On the third anniversary of the launch of the Chartered Manager Degree apprenticeship, it is apt to say a few words about the Institute’s view of management apprenticeships and the CMDA in particular.
There is a lot of heat and noise generated over management apprenticeships and whether they are an appropriate use of levy funding. To keep things in context, out of the 193,000 starts on apprenticeship standards since the reforms began in 2014, around 31,000 – or 16% - of these have been on one of the four CMI management standards.
The 2,900 or so starts on the CMDA represent just 1.5% of all starts on standards. This doesn’t seem disproportionate.
From my perspective, the apprenticeship reforms – and indeed the wider reforms of technical education – are a key component of the Government’s Industrial Strategy, which highlighted an historically low rate of productivity in this country. This was, in part, caused by a shortage of skills in both the workforce and the wider domestic labour market. This acted as a brake on growth and productivity improvements.
A key element of the apprenticeship reforms, which were launched some time before the levy came into being, was to engage employers in defining their skills needs. This re-shapes the apprenticeship programme away from a relatively narrow focus on a small number of low-level skills to a much wider range of skills shortages at all levels.
One of those areas identified by employers was management skills. Almost every employer requires employees who, as they develop more technical and professional competence, take on greater responsibility for managing resources - be that people, money or other commodities. And if those resources are not managed or led effectively, then productivity and efficiency will suffer.
I am supportive of management apprenticeships, where they are used to upskill people – and that includes existing employees as well as new joiners – to be able to perform effectively as they transition to the next level of occupation. Because that is what will best serve the economy.
When people ask about the future of the CMDA and degree apprenticeships, my view is that as long as they have the continued support of employers; remain relevant to the occupations they are focused on; and meet the quality criteria, I would see them continuing to be a key element of a broad apprenticeship offer.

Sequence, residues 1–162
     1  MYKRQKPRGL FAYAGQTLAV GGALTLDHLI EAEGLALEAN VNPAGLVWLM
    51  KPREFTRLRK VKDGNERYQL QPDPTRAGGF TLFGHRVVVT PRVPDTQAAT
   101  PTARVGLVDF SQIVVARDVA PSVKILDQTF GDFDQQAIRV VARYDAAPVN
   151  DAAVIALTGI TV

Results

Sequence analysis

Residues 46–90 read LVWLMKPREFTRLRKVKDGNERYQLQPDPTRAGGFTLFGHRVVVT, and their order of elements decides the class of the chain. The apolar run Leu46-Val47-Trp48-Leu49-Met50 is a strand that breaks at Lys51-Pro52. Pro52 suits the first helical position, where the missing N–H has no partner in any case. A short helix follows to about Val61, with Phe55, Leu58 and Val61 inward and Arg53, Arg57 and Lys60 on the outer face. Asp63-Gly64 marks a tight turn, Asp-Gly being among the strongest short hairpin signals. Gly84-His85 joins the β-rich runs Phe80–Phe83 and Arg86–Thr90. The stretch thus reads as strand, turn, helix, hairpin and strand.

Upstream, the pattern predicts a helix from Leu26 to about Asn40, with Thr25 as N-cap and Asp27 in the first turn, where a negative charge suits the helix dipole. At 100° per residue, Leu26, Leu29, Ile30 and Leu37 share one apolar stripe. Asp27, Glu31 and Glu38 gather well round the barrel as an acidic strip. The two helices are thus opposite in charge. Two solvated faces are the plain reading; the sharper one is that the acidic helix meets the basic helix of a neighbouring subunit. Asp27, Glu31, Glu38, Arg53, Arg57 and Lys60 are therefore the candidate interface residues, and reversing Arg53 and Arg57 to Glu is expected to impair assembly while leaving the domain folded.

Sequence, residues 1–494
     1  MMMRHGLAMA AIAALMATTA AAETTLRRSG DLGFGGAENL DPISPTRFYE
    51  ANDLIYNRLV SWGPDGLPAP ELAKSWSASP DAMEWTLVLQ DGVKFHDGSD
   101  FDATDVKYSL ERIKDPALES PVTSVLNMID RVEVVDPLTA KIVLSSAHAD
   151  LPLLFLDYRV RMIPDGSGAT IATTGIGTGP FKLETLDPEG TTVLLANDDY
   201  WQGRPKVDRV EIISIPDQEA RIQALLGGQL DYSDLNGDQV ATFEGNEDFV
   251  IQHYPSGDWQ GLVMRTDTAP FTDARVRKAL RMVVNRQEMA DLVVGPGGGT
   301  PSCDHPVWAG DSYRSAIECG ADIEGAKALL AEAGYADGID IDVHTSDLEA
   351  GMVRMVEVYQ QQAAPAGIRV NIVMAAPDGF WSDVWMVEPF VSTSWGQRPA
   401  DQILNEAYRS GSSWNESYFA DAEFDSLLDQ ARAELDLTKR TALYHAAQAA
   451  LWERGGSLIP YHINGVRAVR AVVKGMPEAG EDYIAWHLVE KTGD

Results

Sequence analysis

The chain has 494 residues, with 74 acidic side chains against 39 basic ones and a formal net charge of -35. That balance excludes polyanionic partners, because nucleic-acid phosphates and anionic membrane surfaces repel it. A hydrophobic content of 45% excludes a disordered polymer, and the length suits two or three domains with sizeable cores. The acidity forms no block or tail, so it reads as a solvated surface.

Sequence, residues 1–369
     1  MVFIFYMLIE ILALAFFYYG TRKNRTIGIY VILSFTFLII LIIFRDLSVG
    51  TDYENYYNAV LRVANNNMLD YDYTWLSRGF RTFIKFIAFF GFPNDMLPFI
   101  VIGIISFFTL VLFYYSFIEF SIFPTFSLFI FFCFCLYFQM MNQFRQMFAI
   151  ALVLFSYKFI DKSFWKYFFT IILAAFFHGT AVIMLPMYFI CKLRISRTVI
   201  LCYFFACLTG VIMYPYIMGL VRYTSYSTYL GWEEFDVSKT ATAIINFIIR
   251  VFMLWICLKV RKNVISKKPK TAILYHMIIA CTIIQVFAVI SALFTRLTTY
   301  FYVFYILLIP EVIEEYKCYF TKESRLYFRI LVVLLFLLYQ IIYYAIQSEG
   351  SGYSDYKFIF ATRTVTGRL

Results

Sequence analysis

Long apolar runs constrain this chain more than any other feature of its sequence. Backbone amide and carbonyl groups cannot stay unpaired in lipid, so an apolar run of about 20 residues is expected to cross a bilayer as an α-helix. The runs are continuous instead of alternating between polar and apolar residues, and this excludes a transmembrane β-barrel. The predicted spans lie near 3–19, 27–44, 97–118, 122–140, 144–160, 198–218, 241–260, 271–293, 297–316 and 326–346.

Again it is worth looking at the data here. For although there are 58 degree apprenticeships approved for delivery (out of 390 – so just 15%), only 8,600 (4.5%) of all starts on standards have been on degree apprenticeships.
As they go through the statutory review process, all degree apprenticeships will in future need to be aligned to the three policy criteria for funding qualifications within apprenticeships, namely:
- if the qualification can be shown to be a regulatory requirement within the occupation;
- if it can be shown to be a requirement of a professional body; or
- if it can be shown to be a requirement of the labour market in that occupation.
These are now applied to all levels of apprenticeship.
I know this generates concern in some areas.
But what is not widely appreciated is that, for non-degree apprenticeships that broadly align with the majority of the degree syllabus, higher education institutions are able to complete the degree qualification for a relatively small administrative fee.
Successful apprentices would only need to fund the final exams or dissertation to secure the qualification. The levy just won’t pay this additional cost.
In sum, apprenticeships play a key role in enabling our economy to grow, and professional management apprenticeships are an important part in this.
They clearly need to: be used for the right purpose – to upskill employees; meet the quality criteria – 20% off the job training and an independent end point assessment; and finally provide value-for-money for the taxpayer.
Sir Gerry Berragan, Chief Executive of the Institute for Apprenticeships